There exist today billions of documents in the Office binary formats. With the move to the standard Open XML formats as the default for Office 2007; the free updates allowing Office 2000, XP, and 2003 to also support those formats; and the participation of other software companies like Apple in the Ecma standardization efforts, it's only a matter of time before there are billions of files in the Open XML format. You have the opportunity to be one of the first to learn, develop with, and provide solutions for these formats that will soon be everywhere (which is probably why you've been reading my blog)!
It's the first day of the Office Developer's Conference out here in Redmond, and I couldn't think of a better time to announce the formation of the openxmldeveloper.org community. I've been waiting for us to get this together for a long time now, and announcing it in conjunction with the Office Developer Conference gives a great opportunity to get a lot of the existing Office developers involved. There is a huge growing community of folks developing solutions on top of Office, and the XML support we've been rolling out over the past 6 years has really helped build that community. I already mentioned last year that we found there were about a million folks around the world developing on top of Office, and of those people, 1/3 were leveraging the XML functionality. That means there were 330,000 developers leveraging the Office XML support, and that number continues to grow larger and larger!
The group is completely free and open to anyone. There will be tons of content, code snippets, even free tools for working with the files. I'm especially excited about getting a broad range of folks that work on all different platforms. The more diverse the community, the more interesting and valuable the discussions will be. As time goes on, I hope we will see tools for working on all different kinds of platforms.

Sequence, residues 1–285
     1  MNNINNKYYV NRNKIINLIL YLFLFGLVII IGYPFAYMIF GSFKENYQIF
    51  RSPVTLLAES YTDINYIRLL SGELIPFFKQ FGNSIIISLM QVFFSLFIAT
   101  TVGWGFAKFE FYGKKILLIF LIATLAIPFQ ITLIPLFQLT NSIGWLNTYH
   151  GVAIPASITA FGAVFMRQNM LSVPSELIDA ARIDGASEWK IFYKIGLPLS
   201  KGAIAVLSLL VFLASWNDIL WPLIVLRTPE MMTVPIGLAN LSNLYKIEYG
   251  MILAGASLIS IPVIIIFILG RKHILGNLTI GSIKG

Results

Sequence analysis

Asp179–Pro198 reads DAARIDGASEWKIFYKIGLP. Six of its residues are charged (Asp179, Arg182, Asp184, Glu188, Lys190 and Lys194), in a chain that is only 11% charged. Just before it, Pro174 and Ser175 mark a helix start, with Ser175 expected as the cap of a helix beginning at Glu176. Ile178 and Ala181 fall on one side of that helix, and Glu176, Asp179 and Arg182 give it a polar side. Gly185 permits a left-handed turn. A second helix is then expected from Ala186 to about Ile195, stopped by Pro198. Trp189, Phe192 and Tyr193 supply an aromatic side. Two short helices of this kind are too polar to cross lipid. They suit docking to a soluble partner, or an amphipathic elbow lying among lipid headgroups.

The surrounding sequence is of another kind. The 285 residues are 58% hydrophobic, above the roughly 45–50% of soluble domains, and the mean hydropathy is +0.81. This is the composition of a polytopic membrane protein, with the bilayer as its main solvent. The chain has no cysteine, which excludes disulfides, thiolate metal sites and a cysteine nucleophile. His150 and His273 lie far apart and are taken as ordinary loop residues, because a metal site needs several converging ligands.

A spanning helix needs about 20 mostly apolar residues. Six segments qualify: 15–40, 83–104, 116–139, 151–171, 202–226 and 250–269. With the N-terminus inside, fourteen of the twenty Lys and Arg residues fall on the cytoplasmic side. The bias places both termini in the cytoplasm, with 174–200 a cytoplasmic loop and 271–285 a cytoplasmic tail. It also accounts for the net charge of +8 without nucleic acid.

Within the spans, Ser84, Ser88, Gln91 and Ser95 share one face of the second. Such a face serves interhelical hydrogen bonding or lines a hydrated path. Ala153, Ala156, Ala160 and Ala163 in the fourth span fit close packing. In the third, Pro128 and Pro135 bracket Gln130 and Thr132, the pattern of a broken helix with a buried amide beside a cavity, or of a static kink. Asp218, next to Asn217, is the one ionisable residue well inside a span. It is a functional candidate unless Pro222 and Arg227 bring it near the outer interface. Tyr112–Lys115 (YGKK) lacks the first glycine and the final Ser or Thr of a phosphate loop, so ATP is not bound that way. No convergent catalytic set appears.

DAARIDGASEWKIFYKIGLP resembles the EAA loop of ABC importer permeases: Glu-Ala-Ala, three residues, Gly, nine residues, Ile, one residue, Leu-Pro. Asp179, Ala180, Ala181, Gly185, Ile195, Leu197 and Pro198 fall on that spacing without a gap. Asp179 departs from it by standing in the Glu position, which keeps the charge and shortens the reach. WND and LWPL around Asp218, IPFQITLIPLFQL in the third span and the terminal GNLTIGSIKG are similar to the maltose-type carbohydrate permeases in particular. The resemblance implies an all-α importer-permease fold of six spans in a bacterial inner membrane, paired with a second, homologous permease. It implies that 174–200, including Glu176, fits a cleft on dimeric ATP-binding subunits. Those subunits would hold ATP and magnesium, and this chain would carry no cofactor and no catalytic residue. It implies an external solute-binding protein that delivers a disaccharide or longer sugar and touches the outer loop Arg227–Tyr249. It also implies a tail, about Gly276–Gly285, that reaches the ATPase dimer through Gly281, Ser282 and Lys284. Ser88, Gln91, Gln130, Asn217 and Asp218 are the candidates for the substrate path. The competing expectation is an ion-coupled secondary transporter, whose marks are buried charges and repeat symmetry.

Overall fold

Ever since I started blogging last summer, it was clear that we needed to get a community organized to help fuel technical discussions around the Open XML formats. There is just no way I can stay on top of all the questions people have been sending, and I'm really excited to have a site that supports more active discussions. I'll obviously continue to blog, but now my blog won't be the only place you can go to get information or have discussions about the Open XML formats.
There are already 39 organizations from all over the world involved in the community. Here's a list of the founding members (hope I didn't miss anyone):
It should be a lot of fun over the coming years as more and more people start building solutions for these formats cross platform. Already today up on the site there is an article on the site that shows how to create a Word document from scratch in Java, while another article shows a real-world example of using the WinFX System.IO.Packaging API to work with embedded documents. This should be a lot of fun. I hope I'll see you all join me there as some of the first members of this new community.